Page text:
Role of Hydrogen Sulfide Gas in Modulating HIV-1 Latency and Reactivation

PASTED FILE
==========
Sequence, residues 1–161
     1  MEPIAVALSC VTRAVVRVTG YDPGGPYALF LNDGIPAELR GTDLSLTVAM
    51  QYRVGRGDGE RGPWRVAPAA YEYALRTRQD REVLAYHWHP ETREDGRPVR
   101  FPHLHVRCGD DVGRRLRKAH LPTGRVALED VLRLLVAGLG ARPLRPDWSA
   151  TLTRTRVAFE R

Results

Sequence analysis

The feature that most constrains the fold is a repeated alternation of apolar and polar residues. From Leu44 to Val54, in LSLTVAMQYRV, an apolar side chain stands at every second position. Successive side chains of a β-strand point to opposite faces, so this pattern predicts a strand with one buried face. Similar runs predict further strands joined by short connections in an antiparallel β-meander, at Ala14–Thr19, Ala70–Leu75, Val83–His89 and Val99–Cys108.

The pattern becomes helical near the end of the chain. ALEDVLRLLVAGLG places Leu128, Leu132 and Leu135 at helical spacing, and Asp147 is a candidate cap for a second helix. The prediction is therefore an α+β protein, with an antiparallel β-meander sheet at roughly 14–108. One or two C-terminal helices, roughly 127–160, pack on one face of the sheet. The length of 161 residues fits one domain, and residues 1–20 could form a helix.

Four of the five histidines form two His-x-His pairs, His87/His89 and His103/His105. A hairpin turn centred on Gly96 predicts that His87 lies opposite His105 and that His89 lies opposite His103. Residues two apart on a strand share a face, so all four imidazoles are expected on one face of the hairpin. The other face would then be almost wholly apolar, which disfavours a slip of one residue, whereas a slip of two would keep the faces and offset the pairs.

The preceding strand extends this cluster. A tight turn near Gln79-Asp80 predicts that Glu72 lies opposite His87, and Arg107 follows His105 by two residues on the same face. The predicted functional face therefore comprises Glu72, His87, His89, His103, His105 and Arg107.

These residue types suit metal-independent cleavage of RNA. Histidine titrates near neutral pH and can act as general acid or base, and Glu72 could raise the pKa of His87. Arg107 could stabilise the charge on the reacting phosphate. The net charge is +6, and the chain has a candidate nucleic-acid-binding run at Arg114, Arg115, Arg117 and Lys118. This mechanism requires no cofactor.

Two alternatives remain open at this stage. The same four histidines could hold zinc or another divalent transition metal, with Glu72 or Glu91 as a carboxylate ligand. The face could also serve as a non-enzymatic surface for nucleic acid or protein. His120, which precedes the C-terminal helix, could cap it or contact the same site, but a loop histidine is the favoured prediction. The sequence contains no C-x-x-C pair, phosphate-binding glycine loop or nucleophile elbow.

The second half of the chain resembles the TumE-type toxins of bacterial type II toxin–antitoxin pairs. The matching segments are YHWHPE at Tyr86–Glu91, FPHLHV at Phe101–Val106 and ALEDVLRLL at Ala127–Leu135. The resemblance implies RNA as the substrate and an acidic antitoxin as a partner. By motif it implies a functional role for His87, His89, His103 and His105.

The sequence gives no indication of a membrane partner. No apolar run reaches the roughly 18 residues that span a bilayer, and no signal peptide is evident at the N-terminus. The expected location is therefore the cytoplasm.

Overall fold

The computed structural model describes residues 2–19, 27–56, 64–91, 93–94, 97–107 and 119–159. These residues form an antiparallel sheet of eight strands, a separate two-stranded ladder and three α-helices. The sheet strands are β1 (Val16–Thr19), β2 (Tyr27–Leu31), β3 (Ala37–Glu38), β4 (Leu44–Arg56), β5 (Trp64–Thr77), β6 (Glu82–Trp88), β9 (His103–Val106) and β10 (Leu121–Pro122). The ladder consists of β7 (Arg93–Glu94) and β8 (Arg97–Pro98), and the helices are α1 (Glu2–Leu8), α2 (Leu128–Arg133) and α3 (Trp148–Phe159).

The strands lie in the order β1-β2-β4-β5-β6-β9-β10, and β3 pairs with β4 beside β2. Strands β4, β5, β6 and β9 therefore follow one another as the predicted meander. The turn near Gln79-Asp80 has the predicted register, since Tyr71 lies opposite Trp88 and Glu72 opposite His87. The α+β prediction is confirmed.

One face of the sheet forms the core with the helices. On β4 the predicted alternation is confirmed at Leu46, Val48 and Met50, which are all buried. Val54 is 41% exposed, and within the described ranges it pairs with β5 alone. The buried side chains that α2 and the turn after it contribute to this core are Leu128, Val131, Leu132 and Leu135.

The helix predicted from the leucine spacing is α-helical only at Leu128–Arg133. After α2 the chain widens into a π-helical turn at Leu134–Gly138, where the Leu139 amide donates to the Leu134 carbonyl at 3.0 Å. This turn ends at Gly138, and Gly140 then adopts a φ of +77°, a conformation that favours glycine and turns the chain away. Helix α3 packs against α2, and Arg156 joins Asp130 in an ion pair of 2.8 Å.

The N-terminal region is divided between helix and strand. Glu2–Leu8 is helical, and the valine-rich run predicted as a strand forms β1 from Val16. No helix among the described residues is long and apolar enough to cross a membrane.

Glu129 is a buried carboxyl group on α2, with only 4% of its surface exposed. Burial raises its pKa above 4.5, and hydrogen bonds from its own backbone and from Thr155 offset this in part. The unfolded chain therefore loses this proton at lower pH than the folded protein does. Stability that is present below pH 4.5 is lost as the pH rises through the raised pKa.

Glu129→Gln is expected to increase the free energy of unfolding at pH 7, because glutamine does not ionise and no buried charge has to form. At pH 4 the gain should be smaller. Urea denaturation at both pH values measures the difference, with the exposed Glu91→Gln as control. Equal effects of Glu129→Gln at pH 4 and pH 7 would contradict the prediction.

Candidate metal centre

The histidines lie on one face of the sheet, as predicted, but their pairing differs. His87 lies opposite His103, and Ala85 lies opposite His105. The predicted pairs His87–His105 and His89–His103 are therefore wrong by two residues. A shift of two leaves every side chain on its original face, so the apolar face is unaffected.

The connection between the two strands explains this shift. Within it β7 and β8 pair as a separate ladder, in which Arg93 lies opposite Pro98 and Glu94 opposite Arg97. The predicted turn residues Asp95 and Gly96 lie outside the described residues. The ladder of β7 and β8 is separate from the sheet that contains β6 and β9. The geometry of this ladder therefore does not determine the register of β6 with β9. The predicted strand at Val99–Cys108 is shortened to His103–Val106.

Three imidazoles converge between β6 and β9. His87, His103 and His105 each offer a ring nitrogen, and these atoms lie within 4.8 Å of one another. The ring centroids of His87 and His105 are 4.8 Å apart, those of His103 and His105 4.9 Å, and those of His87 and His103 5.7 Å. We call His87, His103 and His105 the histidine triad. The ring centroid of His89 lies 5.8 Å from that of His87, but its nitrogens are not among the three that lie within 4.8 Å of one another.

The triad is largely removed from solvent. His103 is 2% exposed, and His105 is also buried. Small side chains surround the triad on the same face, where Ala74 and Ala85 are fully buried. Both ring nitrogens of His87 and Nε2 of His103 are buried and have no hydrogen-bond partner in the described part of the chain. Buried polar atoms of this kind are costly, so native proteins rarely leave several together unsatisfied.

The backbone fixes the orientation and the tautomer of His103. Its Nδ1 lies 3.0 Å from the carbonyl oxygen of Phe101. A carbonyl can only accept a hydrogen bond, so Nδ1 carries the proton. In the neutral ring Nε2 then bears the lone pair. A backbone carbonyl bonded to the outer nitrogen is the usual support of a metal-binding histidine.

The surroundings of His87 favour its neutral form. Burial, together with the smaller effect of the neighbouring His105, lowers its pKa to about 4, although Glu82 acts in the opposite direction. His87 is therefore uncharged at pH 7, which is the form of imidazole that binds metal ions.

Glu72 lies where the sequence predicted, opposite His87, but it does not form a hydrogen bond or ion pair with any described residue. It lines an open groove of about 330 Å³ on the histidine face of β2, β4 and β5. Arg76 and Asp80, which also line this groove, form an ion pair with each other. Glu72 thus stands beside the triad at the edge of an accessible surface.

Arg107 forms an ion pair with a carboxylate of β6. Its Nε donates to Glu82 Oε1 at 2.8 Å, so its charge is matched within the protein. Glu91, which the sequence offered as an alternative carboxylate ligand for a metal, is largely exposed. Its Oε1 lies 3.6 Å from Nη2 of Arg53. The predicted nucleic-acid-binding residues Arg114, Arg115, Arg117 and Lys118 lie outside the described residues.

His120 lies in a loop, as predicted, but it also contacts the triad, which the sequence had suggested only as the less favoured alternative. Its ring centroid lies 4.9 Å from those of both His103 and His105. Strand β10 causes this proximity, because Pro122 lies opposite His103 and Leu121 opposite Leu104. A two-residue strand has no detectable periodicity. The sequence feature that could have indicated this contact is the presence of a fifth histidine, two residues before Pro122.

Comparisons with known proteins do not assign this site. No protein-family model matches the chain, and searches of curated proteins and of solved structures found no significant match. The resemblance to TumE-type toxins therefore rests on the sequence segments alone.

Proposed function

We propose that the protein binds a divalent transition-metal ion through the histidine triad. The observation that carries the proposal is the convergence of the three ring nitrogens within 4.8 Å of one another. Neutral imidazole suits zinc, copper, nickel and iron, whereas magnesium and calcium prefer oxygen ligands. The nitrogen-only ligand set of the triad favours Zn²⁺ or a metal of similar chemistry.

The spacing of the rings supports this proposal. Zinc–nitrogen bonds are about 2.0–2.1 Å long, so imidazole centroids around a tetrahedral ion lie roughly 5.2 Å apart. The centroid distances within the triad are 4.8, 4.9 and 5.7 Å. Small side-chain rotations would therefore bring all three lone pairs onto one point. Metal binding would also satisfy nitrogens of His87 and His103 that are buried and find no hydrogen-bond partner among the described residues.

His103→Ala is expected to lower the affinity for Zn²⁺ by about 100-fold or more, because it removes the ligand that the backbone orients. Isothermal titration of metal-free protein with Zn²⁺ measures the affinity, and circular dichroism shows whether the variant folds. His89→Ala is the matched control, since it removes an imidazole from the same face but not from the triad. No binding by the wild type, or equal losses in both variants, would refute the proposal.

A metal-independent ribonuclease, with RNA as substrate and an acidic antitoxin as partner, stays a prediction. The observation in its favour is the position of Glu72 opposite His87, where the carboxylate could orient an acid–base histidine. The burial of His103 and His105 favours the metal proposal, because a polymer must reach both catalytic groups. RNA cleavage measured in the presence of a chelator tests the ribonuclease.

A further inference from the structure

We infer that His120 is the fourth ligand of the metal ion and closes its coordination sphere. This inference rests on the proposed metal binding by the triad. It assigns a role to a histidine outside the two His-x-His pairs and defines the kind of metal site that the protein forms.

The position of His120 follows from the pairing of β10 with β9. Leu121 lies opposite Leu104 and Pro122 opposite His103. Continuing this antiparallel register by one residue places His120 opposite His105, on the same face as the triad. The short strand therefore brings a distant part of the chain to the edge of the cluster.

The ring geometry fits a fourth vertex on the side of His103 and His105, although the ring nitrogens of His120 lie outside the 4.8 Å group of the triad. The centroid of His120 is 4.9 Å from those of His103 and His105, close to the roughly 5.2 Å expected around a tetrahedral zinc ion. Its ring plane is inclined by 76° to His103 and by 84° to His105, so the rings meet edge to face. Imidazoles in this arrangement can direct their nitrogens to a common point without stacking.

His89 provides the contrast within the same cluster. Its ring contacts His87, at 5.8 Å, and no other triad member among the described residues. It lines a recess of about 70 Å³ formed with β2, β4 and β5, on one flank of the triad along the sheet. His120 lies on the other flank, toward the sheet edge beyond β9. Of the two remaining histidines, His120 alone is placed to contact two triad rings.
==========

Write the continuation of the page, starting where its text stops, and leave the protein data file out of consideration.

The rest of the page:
Human Immunodeficiency Virus 1 (HIV-1) remains a global public health threat, claiming 690 thousand people’s lives in 2020 and causing 1.5 million new infections. The advent of combinatorial antiretroviral therapy (ART) have curbed the spread of the HIV-1 epidemic by limiting new infections rate. However, ART is not a curative therapy, and HIV-1 persists in latent reservoirs mainly comprising long-lived memory CD4+ T cells. Notably, low ART treatment coverage and cases of poor therapy adherence lead to replenishment of latent reservoirs and the emergence of drug-resistant variants. Thus, to eradicate HIV-1, it is important to understand how the virus establishes latency, maintains stable cellular reservoirs, and promotes rebound upon interruption of antiretroviral therapy (ART). Cellular redox status has been observed as a key determinant modulating HIV-1 latency and reactivation. HIV-1 patients display the hallmark of oxidative stress with reduced levels of major cellular antioxidants, glutathione (GSH), and thioredoxin (Trx) systems. The current approach to target latent HIV-1 includes a ‘shock and kill’ approach, which utilizes latency reversing agents (LRAs) to reactivate HIV-1 and kill infected cells by immune-based mechanisms [Chapter 1]. The LRAs belonging to histone deacetylase inhibitors class, when used in combination with GSH biosynthesis inhibitor, BSO, induce robust oxidative stress and heightened HIV-1 reactivation. In this direction, the use of antioxidant molecules, e.g., N-acetyl cysteine (NAC), has been shown to limit HIV-1 reactivation, but the molecular mechanism involved in NAC action remains understudied. Recently, NAC has been shown to exert its effect by inducing the biogenesis of a novel antioxidant gasotransmitter molecule, hydrogen sulfide (H2S). Previously considered as a toxic gas, but literature in the past two decades suggests the cytoprotective and antioxidant role of H2S in several patho-physiological conditions. In this study, we were interested in comprehensively characterizing the role of H2S gas in modulating HIV-1 latency and reactivation program. Here we observed that HIV-1 reactivation is associated with the downregulation of the H2S biogenesis enzyme, CTH, resulting in the depletion of endogenous H2S levels. Moreover, depleting endogenous H2S levels via knockdown of CTH expression in the cells with latent HIV-1 results in an imbalance of redox homeostasis, increased GSSG levels, enhances mitochondrial ROS (mito-ROS), dysfunctional mitochondria, and thereby resulting in robust HIV-1 reactivation [Chapter 2]. Moreover, chemical complementation of H2S deficiency using GYY4137, a slow- releasing H2S donor, inhibited distinct LRAs induced HIV-1 reactivation in monocytic, T- lymphocytic cell line model and primary CD4+ T cells derived from ART-treated HIV-patients [Chapter 3]. Next, using the NanoString based targeted gene expression analysis, we found that HIV-1 reactivation with phorbol ester, PMA, is associated with the upregulation of genes known to induce ROS production, inflammation, and transcription factors involved in HIV-1 reactivation, e.g., NF-kB and FOS with concomitant downregulation of antioxidant machinery and viral suppressive factor, YY1. GYY4137 treatment reversed the PMA mediated effects and led to downregulation of genes involved in ROS production, inflammation and, concomitantly, enhanced the expression of NRF2 dependent antioxidant and antiviral genes [Chapter 4]. Furthermore, GYY4137 inhibited the activity of proviral factor NF-kB and enhanced the occupancy of an epigenetic repressor, YY1, on HIV-1 LTR. These mechanistic insights suggest that H2S inhibits HIV-1 reactivation by maintaining cellular redox status, limiting the activation of transcription factors required for active viral transcription, and inducing epigenetic suppression of viral LTR.